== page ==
Chances are, if you're choosing to double-major, you already have some idea of the years of hard work that lie ahead of you. I'm not going to sugarcoat it: double-majors have a lot heavier workload than many other college students, simply because we have to get more credits to graduate with two degrees! 

Yet while there's no way around the fact that you're going to have to do a little bit of extra work to graduate with two degrees on time, there are definitely ways that you can cut down on the workload to make it easier on yourself. One thing that's been especially helpful to me has been finding out where I can double-count classes to knock out requirements for both majors. 

If your college allows it, I would definitely recommend seeing where your classes might overlap in both schools' requirements. Are some courses cross-listed in both departments - such as a political media course (for a communications/poli-sci major) or a biostatistics course (for a biology/statistics major)? Then, take those whenever you can! Or, similarly, can you count some of your requirements for one major toward general ed requirements for the other? For example, I have been able to count my political science classes toward the College of Communications' social sciences and history requirements. Whenever you can, double-up on classes - your workload (and your parents' wallets) will thank you!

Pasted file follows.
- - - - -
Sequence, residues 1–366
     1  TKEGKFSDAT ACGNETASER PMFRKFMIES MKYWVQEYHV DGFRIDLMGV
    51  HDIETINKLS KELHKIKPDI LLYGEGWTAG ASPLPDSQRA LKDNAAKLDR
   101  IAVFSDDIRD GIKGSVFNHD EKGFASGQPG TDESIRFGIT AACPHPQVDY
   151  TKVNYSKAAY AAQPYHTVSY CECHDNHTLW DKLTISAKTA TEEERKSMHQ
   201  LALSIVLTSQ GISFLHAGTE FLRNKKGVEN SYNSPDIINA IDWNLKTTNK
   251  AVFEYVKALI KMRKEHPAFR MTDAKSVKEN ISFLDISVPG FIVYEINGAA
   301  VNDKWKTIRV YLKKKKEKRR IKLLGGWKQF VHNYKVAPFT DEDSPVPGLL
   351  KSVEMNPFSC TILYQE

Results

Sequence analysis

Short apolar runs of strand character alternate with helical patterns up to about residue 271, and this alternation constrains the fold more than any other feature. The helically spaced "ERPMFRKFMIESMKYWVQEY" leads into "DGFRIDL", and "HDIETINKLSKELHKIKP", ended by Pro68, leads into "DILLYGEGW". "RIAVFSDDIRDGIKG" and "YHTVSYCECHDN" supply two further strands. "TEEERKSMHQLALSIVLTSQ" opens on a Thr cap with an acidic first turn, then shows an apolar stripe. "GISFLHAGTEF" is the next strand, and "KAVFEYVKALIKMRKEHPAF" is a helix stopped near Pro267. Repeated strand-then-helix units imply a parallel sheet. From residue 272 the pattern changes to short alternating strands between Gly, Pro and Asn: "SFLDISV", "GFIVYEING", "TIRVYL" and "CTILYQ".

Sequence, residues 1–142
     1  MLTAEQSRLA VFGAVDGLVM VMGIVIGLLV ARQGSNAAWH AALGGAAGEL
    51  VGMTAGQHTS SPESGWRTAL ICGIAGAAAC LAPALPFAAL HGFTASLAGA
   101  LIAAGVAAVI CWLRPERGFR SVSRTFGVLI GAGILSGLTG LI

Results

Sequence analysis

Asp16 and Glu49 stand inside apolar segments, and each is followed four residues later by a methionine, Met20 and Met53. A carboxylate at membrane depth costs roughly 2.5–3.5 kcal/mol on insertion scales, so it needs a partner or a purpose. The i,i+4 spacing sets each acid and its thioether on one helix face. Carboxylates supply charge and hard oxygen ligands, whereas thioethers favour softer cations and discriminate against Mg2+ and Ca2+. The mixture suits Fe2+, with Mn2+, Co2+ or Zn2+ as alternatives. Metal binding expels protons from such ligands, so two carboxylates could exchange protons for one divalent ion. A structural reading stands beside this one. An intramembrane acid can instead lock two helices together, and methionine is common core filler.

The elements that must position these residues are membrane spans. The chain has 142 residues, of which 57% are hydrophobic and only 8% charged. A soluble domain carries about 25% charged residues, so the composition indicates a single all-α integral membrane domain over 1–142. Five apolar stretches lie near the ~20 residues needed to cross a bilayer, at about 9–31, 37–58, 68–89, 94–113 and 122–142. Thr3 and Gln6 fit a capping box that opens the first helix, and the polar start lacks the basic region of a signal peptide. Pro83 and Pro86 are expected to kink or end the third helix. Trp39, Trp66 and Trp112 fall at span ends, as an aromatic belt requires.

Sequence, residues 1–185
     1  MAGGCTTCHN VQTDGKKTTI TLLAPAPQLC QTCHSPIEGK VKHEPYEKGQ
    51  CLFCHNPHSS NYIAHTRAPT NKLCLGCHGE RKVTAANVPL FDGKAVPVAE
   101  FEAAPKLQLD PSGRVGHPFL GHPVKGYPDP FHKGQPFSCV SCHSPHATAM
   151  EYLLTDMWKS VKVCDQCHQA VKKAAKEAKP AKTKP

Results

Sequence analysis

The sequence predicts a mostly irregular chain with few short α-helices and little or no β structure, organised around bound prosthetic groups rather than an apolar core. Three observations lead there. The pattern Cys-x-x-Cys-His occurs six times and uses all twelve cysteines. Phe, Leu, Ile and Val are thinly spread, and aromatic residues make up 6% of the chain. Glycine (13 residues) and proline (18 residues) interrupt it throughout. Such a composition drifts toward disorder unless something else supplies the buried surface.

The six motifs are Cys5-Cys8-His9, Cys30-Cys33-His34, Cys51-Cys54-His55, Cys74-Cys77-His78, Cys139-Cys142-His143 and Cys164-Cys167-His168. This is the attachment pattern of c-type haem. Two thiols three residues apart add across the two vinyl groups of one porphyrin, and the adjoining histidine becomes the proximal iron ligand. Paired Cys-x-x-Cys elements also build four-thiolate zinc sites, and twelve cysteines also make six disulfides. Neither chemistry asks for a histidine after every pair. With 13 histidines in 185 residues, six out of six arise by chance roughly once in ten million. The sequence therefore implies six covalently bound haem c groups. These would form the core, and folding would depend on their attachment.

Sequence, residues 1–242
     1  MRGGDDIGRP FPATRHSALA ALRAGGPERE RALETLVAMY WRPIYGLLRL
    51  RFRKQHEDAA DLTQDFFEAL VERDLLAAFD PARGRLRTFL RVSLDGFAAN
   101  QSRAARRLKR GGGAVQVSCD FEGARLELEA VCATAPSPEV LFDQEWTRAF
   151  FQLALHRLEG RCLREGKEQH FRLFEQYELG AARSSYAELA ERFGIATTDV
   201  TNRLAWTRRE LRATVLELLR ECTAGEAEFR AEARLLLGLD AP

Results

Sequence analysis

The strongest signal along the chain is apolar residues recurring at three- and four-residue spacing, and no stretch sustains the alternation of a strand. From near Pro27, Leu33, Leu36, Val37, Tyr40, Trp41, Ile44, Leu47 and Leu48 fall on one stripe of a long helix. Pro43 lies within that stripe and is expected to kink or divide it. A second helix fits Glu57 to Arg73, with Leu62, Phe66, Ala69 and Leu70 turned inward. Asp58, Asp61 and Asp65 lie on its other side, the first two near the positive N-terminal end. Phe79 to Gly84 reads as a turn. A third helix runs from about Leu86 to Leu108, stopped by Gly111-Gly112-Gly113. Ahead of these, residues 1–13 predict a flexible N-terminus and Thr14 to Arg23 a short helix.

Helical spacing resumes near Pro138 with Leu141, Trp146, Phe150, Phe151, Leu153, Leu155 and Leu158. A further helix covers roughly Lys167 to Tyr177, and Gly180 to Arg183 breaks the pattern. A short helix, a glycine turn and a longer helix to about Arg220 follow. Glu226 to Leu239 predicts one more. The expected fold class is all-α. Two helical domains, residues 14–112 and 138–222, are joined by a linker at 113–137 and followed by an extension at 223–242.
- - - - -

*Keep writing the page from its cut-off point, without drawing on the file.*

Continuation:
6. Get Credit Wherever You Can


To get to where you were now, you probably had to take a lot of difficult coursework in high school to prepare you for college. For example, you might have been enrolled in AP classes, taken IB courses, or even taken dual enrollment classes at a community college in your area. But now that you're in college, do you know which credits are accepted by your university, and which ones are not?

If you got good scores on your AP exams (we're talking a four or a five) or have credits you can transfer from another college (such as a community college or university where you transferred from), don't put it off - DO IT NOW! Meet with an advisor to make sure you get credit where credit is due. That way, you can see how many classes you can cross off your list, so you won't make your workload heavier than it ought to be.

Alternatively, also make sure that you're aware of places where you might have AP or other credits that can't be recognized. For example, I took AP World History as a high school sophomore and got a 5, but despite my high score, BU doesn't give students any credit from World History. So, don't count any of your AP credits without checking the online guidelines or meeting with an advisor first. You might think you have credit just because you got a good score on the big test, but in reality it all depends on what your school chooses to accept.